Since the antibiotic resistance of gram-negative bacteria has got more attention than the gram-positive bacteria, especially in hospital settings , to reveal the detailed relationship between antibiotics resistance and heavy metals resistance, a gram-negative bacterium, Pseudomonas putida XX6, was selected and studied. There was a positive correlation between the bacterial resistance to antibiotics and heavy metals of lower concentrations, while the correlation turned to negative with the concentration of heavy metals increasing, which applied to most combinations of antibiotics and heavy metals. And there were still few combinations that showed no significant relationship between the bacterial resistance to the antibiotics and the concentrations of the heavy metals, such as amoxicillin or cefradine and Cr(VI) or Pb2+ of different concentrations. It had been proved that although some heavy metals of trace level is mandatory for the bacterial growth, overloaded heavy metals could affect the growth of bacteria by restraining the activity of protein or enzyme . In addition, mercury had been proved more toxic than cobalt, zinc and lead in terms of weight . Abskharon et al.  also found that total protein content of E.coli ASU3 decreased and the induction of antioxidant enzymes such as catalase, peroxidase and ascorbate peroxidase increased with the copper concentration increasing, and the bacterial toxicity order was Cr(VI)>Cu2+>Co2+>Pb2+>Ni2+>Cr3+>Cd2+>Zn2+. And the resistance of Pseudomonas putida XX6 to the four antibiotics and five heavy metals might be synergistic or antagonistic, which depended on the type and concentration of the co-existed heavy metal.
The biological resistance mechanism towards heavy metal or antibiotics has been studied for several decades. Based on the complete genome sequencing of Cupriavidus sp. strain BIS7 and BLAST, a number of proteins involved in heavy-metal resistance had been identified, such as CzcE [involved in Cd(II), Zn(II), and Co(III) resistance] and ZntA [P-type ATPase involved in Zn(II), Cd(II), Tl(I), and Pb(II) resistance] . Though the bacterial resistance to heavy metals is considered to be similar to that of antibiotics, and the resistant genes are always located in some mobile elements such as plasmid, there are still lack of detailed explanations on the mechanism of cross resistance to heavy metals and antibiotics. Both contaminants could activate some antioxidant enzymes such as superoxide dismutase (SOD), peroxidase (POD) and catalase (CAT), which are helpful to overcome oxidative stress and help bacteria to survive under pressure [24,25]. Apart from inducing proteins, efflux pumps might also be responsible for the crossresistance between heavy metals and antibiotics , which explains why the antibiotic resistance can be strengthened by some heavy metals of certain concentrations. Other reasons for collaborative resistance might result from some unknown chemical reactions between heavy metals and antibiotics or the decomposed product of antibiotics; heavy metals might modify the target site of action to induce its affinity with antibiotics. As complexion of heavy metals and antibiotics occurred, the overall combination had decreased toxicity to bacteria, giving rise to co-resistance. According to Zhang et al. , when heavy metal and antibiotic reacted to form a by-product of lower toxicity, bacterial resistance would appear stronger; however, the higher the toxicity of the by-product was, the weaker the bacterial resistance was. The degree of complexion varied with the heavy metals concentration, which might be due to the microbial cross-resistance to heavy metals and antibiotics. Some heavy metals at lower concentrations could cause dysfunction in some proteins such as some metallothionein-like protein, which did not enhance resistance but instead, it caused resistance losing. It was deduced that the heavy metals might damage enzyme by toxic reaction with antibiotics. The production of the reactive oxygen species (ROS) enhanced with the heavy metals concentration increasing, the balance between ROS and the antioxidant enzymes was broken and the excess ROS was likely to reduce the effect of toxicity by oxidation of antibiotics or their derivatives . In conclusion, all the chemical reaction, genetic expression, induced enzyme and change of pathway would strengthen or weaken the resistance to the heavy metals and antibiotics. Co-existence of heavy metal and antibiotic could change the bacterial resistance and even might increase the environmental risk, which based on the type and concentration of the stress factors.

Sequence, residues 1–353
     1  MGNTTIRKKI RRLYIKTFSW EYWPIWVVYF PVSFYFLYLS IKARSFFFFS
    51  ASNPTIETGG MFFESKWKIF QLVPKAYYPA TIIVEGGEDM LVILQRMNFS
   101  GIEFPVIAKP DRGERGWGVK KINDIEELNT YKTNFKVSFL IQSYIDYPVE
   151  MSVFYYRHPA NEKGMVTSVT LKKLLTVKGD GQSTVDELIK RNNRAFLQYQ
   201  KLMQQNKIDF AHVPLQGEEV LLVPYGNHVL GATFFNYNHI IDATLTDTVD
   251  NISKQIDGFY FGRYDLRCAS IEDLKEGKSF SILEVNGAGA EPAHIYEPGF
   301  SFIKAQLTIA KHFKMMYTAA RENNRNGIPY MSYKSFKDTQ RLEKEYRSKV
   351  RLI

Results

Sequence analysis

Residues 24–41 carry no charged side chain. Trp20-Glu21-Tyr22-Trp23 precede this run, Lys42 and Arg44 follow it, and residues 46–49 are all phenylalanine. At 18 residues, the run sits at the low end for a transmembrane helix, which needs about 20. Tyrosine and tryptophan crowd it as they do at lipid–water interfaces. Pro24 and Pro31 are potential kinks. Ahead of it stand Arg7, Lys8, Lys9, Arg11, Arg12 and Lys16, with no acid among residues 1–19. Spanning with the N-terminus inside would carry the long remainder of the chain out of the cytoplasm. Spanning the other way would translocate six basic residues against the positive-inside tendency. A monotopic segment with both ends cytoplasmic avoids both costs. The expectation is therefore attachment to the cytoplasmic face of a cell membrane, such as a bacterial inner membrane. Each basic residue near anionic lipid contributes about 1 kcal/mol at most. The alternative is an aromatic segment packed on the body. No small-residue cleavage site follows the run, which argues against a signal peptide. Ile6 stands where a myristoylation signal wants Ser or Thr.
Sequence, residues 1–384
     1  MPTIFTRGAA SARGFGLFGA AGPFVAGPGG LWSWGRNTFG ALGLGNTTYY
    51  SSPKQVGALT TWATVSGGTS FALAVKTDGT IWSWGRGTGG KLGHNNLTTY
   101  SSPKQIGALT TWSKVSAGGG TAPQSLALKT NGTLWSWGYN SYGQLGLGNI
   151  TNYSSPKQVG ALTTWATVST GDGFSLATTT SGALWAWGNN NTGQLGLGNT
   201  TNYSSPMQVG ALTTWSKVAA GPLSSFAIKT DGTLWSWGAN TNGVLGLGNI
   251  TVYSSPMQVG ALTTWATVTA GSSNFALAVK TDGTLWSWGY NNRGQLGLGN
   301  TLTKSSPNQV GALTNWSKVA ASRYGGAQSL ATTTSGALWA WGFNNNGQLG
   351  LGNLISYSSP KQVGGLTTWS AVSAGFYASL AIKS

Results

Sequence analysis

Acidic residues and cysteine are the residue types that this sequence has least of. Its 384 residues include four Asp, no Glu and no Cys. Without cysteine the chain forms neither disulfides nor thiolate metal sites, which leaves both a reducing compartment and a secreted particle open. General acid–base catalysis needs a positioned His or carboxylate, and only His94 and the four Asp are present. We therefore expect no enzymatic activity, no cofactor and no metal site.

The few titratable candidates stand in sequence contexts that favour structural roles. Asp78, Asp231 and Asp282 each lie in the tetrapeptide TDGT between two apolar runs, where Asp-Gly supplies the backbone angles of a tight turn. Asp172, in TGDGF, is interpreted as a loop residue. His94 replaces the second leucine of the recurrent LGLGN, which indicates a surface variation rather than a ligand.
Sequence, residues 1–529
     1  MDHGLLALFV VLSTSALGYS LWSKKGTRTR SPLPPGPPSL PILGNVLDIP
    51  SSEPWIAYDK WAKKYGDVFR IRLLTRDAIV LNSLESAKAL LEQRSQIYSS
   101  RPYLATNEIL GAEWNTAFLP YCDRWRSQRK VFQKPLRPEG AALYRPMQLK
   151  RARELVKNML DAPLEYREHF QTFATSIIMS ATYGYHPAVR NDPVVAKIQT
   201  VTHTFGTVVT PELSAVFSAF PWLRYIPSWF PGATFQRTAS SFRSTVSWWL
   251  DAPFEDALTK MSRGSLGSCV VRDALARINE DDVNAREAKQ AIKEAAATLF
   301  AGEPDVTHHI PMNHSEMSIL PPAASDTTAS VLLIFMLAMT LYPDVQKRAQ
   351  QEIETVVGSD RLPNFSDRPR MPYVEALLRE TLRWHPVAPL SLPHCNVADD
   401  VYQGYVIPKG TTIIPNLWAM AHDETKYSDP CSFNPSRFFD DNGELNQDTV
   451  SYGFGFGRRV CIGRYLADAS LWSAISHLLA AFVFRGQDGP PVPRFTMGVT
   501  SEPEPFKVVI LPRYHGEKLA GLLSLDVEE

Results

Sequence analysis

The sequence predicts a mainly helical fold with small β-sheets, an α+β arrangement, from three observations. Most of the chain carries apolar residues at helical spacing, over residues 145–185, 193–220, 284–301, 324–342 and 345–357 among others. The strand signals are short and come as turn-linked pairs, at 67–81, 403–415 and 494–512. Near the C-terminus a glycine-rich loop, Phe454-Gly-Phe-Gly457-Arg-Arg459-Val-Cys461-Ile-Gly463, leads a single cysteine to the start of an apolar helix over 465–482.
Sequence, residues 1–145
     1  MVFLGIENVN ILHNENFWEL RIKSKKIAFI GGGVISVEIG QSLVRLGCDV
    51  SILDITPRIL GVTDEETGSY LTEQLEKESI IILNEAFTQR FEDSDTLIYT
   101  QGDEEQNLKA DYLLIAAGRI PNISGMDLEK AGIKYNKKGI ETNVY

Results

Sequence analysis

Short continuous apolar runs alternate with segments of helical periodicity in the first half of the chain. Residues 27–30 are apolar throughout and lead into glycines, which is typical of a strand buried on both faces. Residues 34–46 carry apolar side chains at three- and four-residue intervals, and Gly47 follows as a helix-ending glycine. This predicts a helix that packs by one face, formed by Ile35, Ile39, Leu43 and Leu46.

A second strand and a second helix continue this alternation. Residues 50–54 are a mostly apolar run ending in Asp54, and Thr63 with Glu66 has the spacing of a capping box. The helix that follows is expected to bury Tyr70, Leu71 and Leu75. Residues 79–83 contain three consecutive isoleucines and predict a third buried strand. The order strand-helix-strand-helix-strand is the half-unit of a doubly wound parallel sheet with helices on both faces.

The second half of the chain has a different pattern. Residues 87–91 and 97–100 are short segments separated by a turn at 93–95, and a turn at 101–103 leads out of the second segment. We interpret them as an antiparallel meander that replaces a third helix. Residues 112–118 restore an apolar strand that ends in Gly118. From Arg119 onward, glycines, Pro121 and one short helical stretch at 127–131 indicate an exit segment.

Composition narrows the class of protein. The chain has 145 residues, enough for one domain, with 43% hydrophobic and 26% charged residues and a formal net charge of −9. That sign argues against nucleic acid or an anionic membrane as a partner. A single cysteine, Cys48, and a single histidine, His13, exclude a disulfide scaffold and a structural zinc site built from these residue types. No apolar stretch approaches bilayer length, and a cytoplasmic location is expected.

A total of 56 bacterial strains were isolated from some swine wastewater, and the incidence of these 56 bacteria’s resistance to antibiotics was in the order of norfloxacin>amoxicillin>cefradine>tet racycline, The number of resistant strains to both antibiotic and heavy metal decreased by 8.93%-71.42% due to the addition of heavy metals. Cr (VI) affected the bacterial resistance to norfloxacin most obviously. Pseudomonas putida XX6, one of the isolates, could resist the four antibiotics in the descending order was cefradine > amoxicillin ≈ tetracycline > norfloxacin. The heavy metal concentration is a dominant factor impacting on the stains’ resistance to antibiotics. There was a positive correlation between the bacterial resistance to antibiotics and lower concentrations of heavy metals (no more than 0.01 mg/mL of Pb2+ or Cu2+ or Zn2+, 0.2 mg/mL of Cr(VI) or Hg2+), while the correlation turned to negative with the concentration of heavy metals increasing, which applied to most combinations of antibiotics and heavy metals. It can be concluded that bioremediation and public health risk of antibiotics would be affected by the heavy metals.
Project (No. 40801194) supported by a Grant from Nature Science fund of China: Project (No. 20100470921) supported by a Grant from China postdoctoral science foundation; Project (No. 0500823) supported by a Grant from Nature Science fund of Guangdong Province, China; Project (No. 2013A3FC0243) supported by a Grant from the Science and Technology Plan of Zhongshan.
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Citation: Xu YB, Ruan JJ, Hou MY, Zhao XX, Zheng L, et al. (2014) Stress of Five Heavy Metals on the Resistance of Isolates from Swine Wastewater to Four Antibiotics. Hydrol Current Res 5: 173. Doi: 10.4172/2157-7587.1000173
Copyright: © 2014 Xu YB, et al. This is an open-access article distributed under the terms of the Creative Commons Attribution License, which permits unrestricted use, distribution, and reproduction in any medium, provided the original author and source are credited.